wed 30/09/2020

Birmingham Royal Ballet, Pointes of View, Birmingham Hippodrome | reviews, news & interviews

Birmingham Royal Ballet, Pointes of View, Birmingham Hippodrome

Birmingham Royal Ballet, Pointes of View, Birmingham Hippodrome

A brave look back at a heritage piece whose best feature is its music

It can take almost as much courage for a ballet company to look backwards as forwards, and it’s one of the quirks of Birmingham Royal Ballet that you’ll find rare heritage ballets popping up in the mix. John Cranko’s The Lady and the Fool, a Fifties period piece, nestled capriciously like a matron en décolleté in the bosom of its season-opening bill fielding the semi-skimmed abstractness of Kenneth MacMillan’s Concerto and Twyla Tharp’s stunning Eighties sneaker ballet, In the Upper Room.

To see the Cranko is such a rare thing that it enhances the experience of it - but my joy, I fear, was largely in its enchanting, irresistible boudoir music by Verdi, the opera genius who surprisingly seldom turns up in the ballet canon. The arrangement of a selection from his lesser operas (Ernani, Jerusalem, Atila, I Masnadieri among them) made by the late Sir Charles Mackerras long ago in 1954, to enable Cranko to deploy his commedia dell’arte plot of a mysterious masked beauty, La Capricciosa, who brings two vagrant clowns to a ball to entertain everyone - and then runs off with them.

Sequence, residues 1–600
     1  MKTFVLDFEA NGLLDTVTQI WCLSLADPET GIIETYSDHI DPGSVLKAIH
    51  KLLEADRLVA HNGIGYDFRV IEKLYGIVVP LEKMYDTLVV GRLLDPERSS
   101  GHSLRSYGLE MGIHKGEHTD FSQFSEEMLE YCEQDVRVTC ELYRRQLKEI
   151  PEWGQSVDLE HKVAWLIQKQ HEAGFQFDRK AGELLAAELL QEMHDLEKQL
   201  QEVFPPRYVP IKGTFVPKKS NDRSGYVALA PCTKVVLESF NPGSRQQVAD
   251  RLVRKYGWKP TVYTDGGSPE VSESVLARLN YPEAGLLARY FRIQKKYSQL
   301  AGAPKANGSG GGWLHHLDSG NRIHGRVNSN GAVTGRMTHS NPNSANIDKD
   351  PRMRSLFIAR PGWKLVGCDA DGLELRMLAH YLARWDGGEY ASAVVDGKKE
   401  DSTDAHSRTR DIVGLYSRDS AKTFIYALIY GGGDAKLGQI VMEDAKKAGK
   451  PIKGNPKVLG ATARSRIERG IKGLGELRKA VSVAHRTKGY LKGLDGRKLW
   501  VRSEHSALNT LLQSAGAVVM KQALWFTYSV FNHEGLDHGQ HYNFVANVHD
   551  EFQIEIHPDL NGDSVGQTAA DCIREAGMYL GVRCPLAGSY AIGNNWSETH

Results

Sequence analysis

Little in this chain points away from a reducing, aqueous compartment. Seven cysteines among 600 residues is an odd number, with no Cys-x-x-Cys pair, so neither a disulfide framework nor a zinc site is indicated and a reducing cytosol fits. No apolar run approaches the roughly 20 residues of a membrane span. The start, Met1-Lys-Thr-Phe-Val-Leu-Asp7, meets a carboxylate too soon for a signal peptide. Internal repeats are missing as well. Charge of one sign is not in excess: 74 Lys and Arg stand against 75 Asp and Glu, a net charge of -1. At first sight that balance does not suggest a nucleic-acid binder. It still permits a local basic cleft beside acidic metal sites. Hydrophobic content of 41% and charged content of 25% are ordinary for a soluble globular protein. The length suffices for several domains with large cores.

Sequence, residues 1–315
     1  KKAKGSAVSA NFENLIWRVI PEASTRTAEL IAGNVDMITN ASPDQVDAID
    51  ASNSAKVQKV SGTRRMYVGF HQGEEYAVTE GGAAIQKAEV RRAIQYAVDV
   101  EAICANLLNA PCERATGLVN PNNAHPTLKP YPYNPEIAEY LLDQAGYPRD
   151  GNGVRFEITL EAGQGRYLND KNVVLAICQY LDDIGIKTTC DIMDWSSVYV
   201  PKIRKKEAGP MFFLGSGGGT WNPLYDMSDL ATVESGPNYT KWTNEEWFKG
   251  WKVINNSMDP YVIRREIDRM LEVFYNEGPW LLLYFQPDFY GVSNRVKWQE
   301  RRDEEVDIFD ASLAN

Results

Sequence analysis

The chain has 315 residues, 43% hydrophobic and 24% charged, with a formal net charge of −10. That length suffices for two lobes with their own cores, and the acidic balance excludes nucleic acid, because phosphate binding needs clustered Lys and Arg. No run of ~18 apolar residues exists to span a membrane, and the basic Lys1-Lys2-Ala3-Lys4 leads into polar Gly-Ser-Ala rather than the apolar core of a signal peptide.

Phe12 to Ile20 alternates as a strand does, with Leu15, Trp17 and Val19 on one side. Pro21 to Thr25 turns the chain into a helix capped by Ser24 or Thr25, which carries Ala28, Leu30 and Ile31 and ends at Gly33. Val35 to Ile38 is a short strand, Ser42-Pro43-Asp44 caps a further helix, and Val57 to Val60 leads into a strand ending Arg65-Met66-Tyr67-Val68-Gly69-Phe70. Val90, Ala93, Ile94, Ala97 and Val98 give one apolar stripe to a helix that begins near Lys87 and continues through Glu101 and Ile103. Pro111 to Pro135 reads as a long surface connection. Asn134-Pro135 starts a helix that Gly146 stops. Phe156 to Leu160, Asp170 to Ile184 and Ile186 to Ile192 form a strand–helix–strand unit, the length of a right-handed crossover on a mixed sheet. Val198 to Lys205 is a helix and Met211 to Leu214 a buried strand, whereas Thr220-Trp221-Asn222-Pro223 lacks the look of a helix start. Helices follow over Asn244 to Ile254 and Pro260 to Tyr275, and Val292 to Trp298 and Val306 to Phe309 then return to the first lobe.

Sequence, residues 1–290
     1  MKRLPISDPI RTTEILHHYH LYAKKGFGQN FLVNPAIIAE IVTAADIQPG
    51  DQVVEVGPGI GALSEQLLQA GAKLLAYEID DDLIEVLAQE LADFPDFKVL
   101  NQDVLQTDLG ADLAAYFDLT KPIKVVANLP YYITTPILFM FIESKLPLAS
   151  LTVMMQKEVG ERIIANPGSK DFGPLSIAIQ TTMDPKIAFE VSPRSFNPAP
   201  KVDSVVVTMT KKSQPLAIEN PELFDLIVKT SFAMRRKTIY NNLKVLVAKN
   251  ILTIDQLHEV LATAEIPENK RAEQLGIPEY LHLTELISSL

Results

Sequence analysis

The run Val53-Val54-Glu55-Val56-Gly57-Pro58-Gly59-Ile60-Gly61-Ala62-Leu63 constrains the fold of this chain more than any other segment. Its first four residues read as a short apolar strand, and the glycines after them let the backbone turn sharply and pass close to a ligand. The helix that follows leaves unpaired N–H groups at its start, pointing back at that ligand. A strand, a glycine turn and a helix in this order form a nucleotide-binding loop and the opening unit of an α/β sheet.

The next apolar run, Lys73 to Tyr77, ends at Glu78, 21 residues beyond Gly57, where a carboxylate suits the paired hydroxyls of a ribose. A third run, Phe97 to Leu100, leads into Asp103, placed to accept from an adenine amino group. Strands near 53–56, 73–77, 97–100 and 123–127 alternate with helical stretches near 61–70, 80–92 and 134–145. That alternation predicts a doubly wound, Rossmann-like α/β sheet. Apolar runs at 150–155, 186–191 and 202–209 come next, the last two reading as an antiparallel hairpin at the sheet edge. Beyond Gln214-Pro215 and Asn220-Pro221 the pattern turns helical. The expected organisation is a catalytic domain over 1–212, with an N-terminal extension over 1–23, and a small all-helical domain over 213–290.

Lady_Fool_Nao_S_RoySmiljanicFrankly, it has dated terribly, not because of its period or conventions, but because Cranko’s choreography and the conceits in it don't have enough flesh, and they were snaffled more rewardingly by others. You can’t easily look at the pas d’action between La Capricciosa and her three ballroom partners (a prince, an ambassador and a captain) without reflecting that the clown sitting at the side at the premiere, a very young dancer called Kenneth MacMillan, did something vastly more sophisticated with several of the ideas in it 20 years later when he created Manon. It’s well known that choreographers stand on each other’s shoulders, but poor Cranko had to suffer a lot from the superiority and ruthlessness of the younger MacMillan’s talent. They say MacMillan’s Romeo and Juliet is actually Cranko’s, but I’m afraid that’s the difference between a good craftsman and a genius. When the Royal Ballet do Cranko’s Onegin this week, once again that will be clear.

Being a minor period piece, The Lady and the Fool needs a good slathering with period perfume and performers' relish to rescue it. Perhaps Les Ballets Trockadero should try it. Alas, Nao Sakuma (pictured right by Roy Smiljanic) is too correct and contained a dancer to give Capricciosa’s chitter-chatter steps the sidelong eroticism that they demand, though her two clown friends, Moondog and Bootface, were given plenty of character by Iain Mackay and the interesting César Morales. All of the performers, in fact the whole staging, were sandbagged by the woeful designs of Kate Ford, setting a cheap-looking range of costumes in front of a sagging putty-coloured ruched curtain like something from a seaside B&B’s parlour.

However, what wonderful music, and so brightly and engagingly played by the Royal Ballet Sinfonia under Philip Ellis. If only a new choreographer could take up this wonderful score.